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Bitbucket or GitHub for source code storage, versioning and sharing?


#1

I currently keep all my source backed up on my NAS and MS OneDrive via a script that runs regularly, so code loss is somewhat mitigated. However, I am now considering the use of a dedicated code hosting service such as Bitbucket or GitHub and I don’t really know which way to jump.

GHI seem to favour Bitbucket at present but many people seem to use GitHub. Using one of these services also gives me the chance to share any code snippets, libraries, etc with others.

Do any of you use either service (or any other that I’ve not thus far considered) as a general code repository for personal and/or community use? Which is more suited to NETMF coding? How well do they integrate with VS2013?

Thanks.


#2

I use Stash from Atlassian (bitbucket but installed at work). It’s only 10$/year. It is integrated with vs2013 via Team Explorer and git.

For more complex operation, I’ve added tortoisegit.


#3

I’ve used both. If you’re looking to host private stuff (that you don’t want to share with the world), then BitBucket is free, and you’d need to pay for GitHub. GitHub is more popular, but I’ve found BitBucket to be a very solid and easy-to-use product.


#4

VS Comes with a GIT plugin, but personally I don’t like it too much (GIT and the plugin)
At work I set up a TFS, which I really like.
Form the usage side I like codeplex more than GIT, but as a downside, codeplex Performance is verry bad in recent years.
You can even experiance this when you Switch to the source code view in any codeplex Project.
I never used or looked at bitbucket


#5

Using TFS for years now (and I really love it) for enterprise projects. It’s the #1 choice for enterprises here in Europe. I use VS-Online for my startup projects in conjunction with the Agile template.

But I have to admit that GIT is my choice for personal projects. It’s uncomplicated, easy to use and fast. For my public things I use the free GitHub account and for private repositories the free option from BitBucket.(Atlasian) They allow you even to build small teams (up to 5 people) and you can have unlimited public and private repositories.

And like @ Reinhard, I don’t like the VS Git integration. Therefore I am using the shell. You can use Cygwin or you can install the Git-Shell, all based on your personal preferences.

About CodePlex: CodePlex is becoming a real mess and it is super slow like mentioned by @ Reinhard. Sometimes there are HG repos, sometimes GIT, sometimes TFS. And if you want just to take a quick look at some source, you have to wait forever. If you have ever tried to download a larger repo from CodePlex, you know what I am talking about. So a big NO from me for CodePlex.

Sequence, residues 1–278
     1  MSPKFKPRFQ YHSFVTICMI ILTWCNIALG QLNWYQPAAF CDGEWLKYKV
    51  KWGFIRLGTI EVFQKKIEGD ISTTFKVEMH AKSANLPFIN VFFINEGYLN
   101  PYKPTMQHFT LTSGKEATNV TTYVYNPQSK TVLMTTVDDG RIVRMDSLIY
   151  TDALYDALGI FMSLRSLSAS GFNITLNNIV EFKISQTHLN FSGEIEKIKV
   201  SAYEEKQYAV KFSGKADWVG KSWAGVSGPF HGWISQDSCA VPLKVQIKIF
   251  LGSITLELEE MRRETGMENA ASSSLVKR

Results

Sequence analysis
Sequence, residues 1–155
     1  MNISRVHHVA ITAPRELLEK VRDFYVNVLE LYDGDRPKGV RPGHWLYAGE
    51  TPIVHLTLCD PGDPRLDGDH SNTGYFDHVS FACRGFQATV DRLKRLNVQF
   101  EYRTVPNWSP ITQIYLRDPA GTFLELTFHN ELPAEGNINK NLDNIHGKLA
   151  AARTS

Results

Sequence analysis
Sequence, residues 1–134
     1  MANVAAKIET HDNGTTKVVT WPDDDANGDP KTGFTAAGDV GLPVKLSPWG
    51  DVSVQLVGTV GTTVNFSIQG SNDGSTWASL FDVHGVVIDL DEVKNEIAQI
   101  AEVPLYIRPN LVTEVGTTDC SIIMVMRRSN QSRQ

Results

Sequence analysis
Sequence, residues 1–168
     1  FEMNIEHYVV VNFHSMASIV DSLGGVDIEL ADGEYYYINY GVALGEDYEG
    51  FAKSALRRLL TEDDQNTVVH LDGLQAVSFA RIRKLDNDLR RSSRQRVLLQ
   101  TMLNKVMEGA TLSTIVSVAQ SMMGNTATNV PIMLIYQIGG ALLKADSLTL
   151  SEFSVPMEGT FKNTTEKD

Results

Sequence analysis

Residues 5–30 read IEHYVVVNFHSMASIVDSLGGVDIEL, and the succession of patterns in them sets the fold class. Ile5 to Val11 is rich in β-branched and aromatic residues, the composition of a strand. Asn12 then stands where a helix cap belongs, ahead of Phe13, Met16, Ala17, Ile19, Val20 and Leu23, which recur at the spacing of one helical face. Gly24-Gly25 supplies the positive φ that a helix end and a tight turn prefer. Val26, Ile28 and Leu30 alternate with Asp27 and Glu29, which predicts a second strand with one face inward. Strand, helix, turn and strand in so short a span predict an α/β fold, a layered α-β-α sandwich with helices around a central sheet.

#6

I was going to ask what the best option for private repositories and I see from the posting from AWSOMEDEVSIGNER that bitbucket might be a good solution. I don’t mind paying a reasonable fee for something though. Right now I just backup to a GoDaddy backup account but I would prefer to have a proper source backup where I can roll back to the previous day etc.

Would Bitbucket be the ideal solution for this?


#7

@ Dave McLaughlin -

All of the available solutions, BitBucket and GitHub are excellent options, as well as TFS (Visual Studio Online). VS Online offers you free repositories and up to 5 users as well (basic account).
VS tooling is available for all three options (VS Git integration and TFS, Git is the same on GitHub and BitBucket).

I think you should open an free account for all of them and see by yourself what suites you best.

It’s really comfortable to go back and forth in you source code management system, to create branches for example and to be able to restore changes at any given point of time (since the last check-in).


#8

The TFS Integration in VS is really great.
Also check out TF Sidekicks: http://www.attrice.info/cm/tfs/
It’s a great tool.
Also if you want to Setup your own Server: Setting up a TFS is really simple.
Not sure if there is a free Version, but I think there is.


#9

@ Reinhard Ostermeier -

There is a free version: TFS Express 2013 with update 4:

You can read about the limitations and more on that download page (well, not directly but through additional links).

And thanks about the hint on TF Sidekicks :slight_smile:


#10